By  on February 21, 2008

MILAN — "Fashion reunites all the big flows of capital of organized crime: cocaine, transportation and distribution," said Roberto Saviano, author of the critically acclaimed bestseller "Gomorrah," about the influence of the Neapolitan Mafia, or Camorra, throughout Italian society.

"To my mind, fashion is one of the most infiltrated markets of the criminal underworld," Saviano added, slouched on a gray sofa in the headquarters of his publisher, Arnoldo Mondadori Editore.

In his book, the author describes in detail the interaction between fashion and the Camorra via illegal workshops and factories, how fashion is also a vehicle for money laundering, the industry's ties with Chinese textile suppliers and the lightning speed at which the region's workshops can turn out perfectly crafted pieces — but at the cost to workers of long hours and underpaid shifts. It tells of auctions for contracts where the winning formula for manufacturers seeking to produce for luxury brands is highest quantity-lowest price-shortest time frame.

But while Saviano names top Camorra bosses in the book, he doesn't cite or criticize individual fashion companies in order to avoid lawsuits, he said.

Giuseppe Bottillo, commanding officer of the Guardia di Finanza di Napoli, or fiscal police, told WWD the main issue is to keep manufacturers from operating illegally.

"During our controls, we found small manufacturers that hired their workers illegally violating labor laws and safety standards," said Bottillo. "When this happens, they close them down, but it's harder to prove ties with the Camorra."

Fashion's attraction to manufacturing in the Naples region stems from the area's long-standing sartorial traditions, said Bottillo. Lately, though, many factories have been forced to cut corners — including in their labor standards — due to cutthroat competition from the Far East.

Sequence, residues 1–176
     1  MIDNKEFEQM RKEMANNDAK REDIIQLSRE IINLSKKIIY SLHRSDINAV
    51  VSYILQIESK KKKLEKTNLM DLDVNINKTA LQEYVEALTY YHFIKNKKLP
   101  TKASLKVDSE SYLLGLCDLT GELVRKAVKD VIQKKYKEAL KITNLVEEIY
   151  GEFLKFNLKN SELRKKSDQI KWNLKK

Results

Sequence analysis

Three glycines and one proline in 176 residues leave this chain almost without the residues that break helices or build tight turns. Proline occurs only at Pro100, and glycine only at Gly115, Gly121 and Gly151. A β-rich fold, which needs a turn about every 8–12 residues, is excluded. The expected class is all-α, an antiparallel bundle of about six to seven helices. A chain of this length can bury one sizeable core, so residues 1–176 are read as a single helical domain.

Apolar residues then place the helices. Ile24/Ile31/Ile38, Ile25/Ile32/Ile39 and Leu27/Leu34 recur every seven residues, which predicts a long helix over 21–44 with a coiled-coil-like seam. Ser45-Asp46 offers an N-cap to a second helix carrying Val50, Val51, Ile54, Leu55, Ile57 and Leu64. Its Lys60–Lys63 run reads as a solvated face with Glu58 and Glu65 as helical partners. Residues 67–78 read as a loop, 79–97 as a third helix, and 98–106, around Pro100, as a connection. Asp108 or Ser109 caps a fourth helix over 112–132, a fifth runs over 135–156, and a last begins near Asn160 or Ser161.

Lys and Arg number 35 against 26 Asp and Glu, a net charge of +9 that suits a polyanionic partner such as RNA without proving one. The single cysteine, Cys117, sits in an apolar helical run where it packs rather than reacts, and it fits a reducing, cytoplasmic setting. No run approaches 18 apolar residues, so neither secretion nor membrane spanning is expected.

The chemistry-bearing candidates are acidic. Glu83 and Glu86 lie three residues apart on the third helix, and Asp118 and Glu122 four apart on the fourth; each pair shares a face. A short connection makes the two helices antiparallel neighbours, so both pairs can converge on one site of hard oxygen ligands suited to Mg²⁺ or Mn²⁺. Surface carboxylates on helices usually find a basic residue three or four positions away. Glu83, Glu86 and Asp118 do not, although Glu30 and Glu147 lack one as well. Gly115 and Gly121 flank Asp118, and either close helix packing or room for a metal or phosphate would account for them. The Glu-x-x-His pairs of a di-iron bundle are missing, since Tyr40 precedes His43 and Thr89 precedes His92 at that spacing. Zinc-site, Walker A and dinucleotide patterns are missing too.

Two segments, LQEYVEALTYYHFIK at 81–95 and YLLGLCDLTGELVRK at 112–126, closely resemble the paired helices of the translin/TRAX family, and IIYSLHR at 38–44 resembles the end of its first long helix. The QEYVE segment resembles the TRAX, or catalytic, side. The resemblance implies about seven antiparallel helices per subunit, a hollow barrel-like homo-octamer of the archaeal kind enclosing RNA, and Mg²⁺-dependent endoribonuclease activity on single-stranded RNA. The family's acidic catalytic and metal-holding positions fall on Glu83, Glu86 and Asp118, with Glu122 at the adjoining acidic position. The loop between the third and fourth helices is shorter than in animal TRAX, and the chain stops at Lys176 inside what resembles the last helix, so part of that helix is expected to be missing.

In the book, Saviano dedicates the second chapter, titled "Angelina Jolie," to fashion. The chapter heading references the fact that the actress donned a Dolce & Gabbana (Saviano doesn't cite the brand, but a quick bit of research does the trick) cream satin pantsuit to the 2001 Oscars, an outfit he alleges was made by his friend Pasquale in a Camorra-controlled sweatshop in Secondigliano in Naples."It's the system. If you want to be clean in fashion today, or respect every step, you wouldn't survive and the Made in Italy [label] would die," contended Saviano. "Most often, the houses are burdened by quantity and subcontract the production, but then loose track of the cycles."

Top fashion houses disagree and insist such allegations don't apply to their operations.

A Prada spokesman said the "practices evoked by Saviano in 'Gomorrah' cannot be applied to the Prada Group" and that its apparel isn't produced in the Neapolitan district.

Prada said it uses five main suppliers and six subcontractors for the brand's leather goods, all of which are companies that Prada knows well, are regularly registered at the Chamber of Commerce and have underwritten the ethics policy and quality standards imposed by the fashion house. "Our inspectors regularly and randomly visit these companies," said the spokesman.

Prada also responded to Saviano's allegations that fashion houses don't keep an accurate inventory of raw materials, a scenario that can result in a production surplus the Camorra happily takes advantage of by selling it on the side.